Difference in my Andromeda photos were quite dramatic. 200/2.8L collects so much more light than my old EF 75-300mm f/4-5.6 III. Of course I started wondering how much better photos do I get from all the other objects I've already tried with my old lens. First thing that came to mind was Orion and M42. An awesome constellation for an amateur astrophotographer because there are so many different objects, some easy to see, some more and more difficult to even catch on camera.

Horsehead Nebula

One of the most fascinating objects to me is the Horsehead Nebula (Barnard 33) and I tried to photograph it as soon as I could. My first try was with the 75-300mm lens, and it was a disappointment.

Area of the Horsehead Nebula taken with EF 75-300mm f/4-5.6 III, at 2013-01-17
As you can see, no Horsehead even with a good imagination. Flame Nebula (which I was totally unaware of before this) can be seen somehow if you stretch the image to it's limits.

The next ones are taken later that year with a better lens.

Single shot of the Horsehead Nebula taken with EF 200mm f/2.8L II USM, at 2013-11-30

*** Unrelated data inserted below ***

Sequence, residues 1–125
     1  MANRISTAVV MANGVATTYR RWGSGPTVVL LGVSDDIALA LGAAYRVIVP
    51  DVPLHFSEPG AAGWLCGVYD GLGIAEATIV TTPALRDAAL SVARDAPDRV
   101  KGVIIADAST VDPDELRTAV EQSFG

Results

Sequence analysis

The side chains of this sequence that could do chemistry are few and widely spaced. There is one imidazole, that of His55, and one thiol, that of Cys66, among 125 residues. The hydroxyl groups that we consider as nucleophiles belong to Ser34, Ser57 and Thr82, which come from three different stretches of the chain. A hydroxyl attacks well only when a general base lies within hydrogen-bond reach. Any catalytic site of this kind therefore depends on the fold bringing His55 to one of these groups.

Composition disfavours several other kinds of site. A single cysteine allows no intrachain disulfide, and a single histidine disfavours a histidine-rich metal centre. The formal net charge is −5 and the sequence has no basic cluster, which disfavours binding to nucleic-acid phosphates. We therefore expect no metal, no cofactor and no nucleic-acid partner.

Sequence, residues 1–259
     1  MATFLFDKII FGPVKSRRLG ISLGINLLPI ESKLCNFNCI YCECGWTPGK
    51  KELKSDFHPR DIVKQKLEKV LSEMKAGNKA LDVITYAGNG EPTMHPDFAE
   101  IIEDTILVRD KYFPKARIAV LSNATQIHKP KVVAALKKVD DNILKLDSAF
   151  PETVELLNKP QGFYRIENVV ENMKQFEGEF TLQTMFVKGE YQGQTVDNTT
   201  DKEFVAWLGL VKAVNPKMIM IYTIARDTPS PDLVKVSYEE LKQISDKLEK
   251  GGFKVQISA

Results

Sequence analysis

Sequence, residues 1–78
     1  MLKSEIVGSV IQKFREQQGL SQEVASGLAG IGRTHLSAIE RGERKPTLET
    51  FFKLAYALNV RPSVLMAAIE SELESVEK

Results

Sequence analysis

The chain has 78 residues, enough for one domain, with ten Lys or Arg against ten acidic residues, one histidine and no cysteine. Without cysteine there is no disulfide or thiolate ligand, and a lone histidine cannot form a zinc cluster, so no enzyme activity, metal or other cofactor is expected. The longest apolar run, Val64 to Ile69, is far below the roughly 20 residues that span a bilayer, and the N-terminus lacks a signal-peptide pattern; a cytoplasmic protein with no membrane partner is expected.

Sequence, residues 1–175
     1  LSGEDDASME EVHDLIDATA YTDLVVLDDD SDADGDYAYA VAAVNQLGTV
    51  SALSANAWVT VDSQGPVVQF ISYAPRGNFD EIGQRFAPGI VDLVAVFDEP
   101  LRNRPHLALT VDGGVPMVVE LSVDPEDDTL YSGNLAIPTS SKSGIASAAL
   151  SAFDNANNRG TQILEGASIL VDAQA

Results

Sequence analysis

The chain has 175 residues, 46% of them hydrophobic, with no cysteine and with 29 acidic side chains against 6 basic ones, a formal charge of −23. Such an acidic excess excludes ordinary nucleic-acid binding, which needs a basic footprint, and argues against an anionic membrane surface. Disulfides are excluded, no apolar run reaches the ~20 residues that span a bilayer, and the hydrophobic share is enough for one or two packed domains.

Here the Flame Nebula can be seen without extensive stretching and even the colors are about right. It's a single photo I took in November just before sky was filled with clouds. No further testing was possible. I didn't see the Horsehead back then but know that I know exactly where it should be, and if I use enough imagination, I think I can see it. Nothing spectacular though.

Single shot of the Horsehead Nebula taken with EF 200mm f/2.8L II USM, at 2013-12-30
This one's been taken December 30th 2013. After couple of months sky was clear for several hours. Clouds came around 11pm, but there was plenty of time to shoot Orion from balcony, even after clearing the problems. I lost the colors while stretching the photo, but Horsehead is can now be seen without imagination. I had about 20 of these and the stack made with IRIS looks like this:

Flame Nebula and Horsehead Nebula taken with EF 200mm f/2.8L II USM, at 2013-12-30. 20x30s exposure stacked with IRIS, postprocessing with Darktable.
Horsehead is easily visible. Mission accomplished.